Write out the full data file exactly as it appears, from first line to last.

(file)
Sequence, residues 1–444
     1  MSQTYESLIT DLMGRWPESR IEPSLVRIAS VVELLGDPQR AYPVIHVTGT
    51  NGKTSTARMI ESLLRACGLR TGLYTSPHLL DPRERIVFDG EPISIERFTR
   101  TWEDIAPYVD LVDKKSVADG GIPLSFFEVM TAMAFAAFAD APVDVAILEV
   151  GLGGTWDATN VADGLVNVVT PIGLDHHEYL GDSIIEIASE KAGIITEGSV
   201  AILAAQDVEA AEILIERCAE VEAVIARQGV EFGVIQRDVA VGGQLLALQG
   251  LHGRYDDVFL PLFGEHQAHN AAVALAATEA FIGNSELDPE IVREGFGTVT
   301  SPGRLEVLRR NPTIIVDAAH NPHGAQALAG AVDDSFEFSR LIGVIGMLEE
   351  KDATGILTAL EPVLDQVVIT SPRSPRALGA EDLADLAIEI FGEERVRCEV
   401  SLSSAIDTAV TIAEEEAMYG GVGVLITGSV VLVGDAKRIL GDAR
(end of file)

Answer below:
Sequence, residues 1–444
     1  MSQTYESLIT DLMGRWPESR IEPSLVRIAS VVELLGDPQR AYPVIHVTGT
    51  NGKTSTARMI ESLLRACGLR TGLYTSPHLL DPRERIVFDG EPISIERFTR
   101  TWEDIAPYVD LVDKKSVADG GIPLSFFEVM TAMAFAAFAD APVDVAILEV
   151  GLGGTWDATN VADGLVNVVT PIGLDHHEYL GDSIIEIASE KAGIITEGSV
   201  AILAAQDVEA AEILIERCAE VEAVIARQGV EFGVIQRDVA VGGQLLALQG
   251  LHGRYDDVFL PLFGEHQAHN AAVALAATEA FIGNSELDPE IVREGFGTVT
   301  SPGRLEVLRR NPTIIVDAAH NPHGAQALAG AVDDSFEFSR LIGVIGMLEE
   351  KDATGILTAL EPVLDQVVIT SPRSPRALGA EDLADLAIEI FGEERVRCEV
   401  SLSSAIDTAV TIAEEEAMYG GVGVLITGSV VLVGDAKRIL GDAR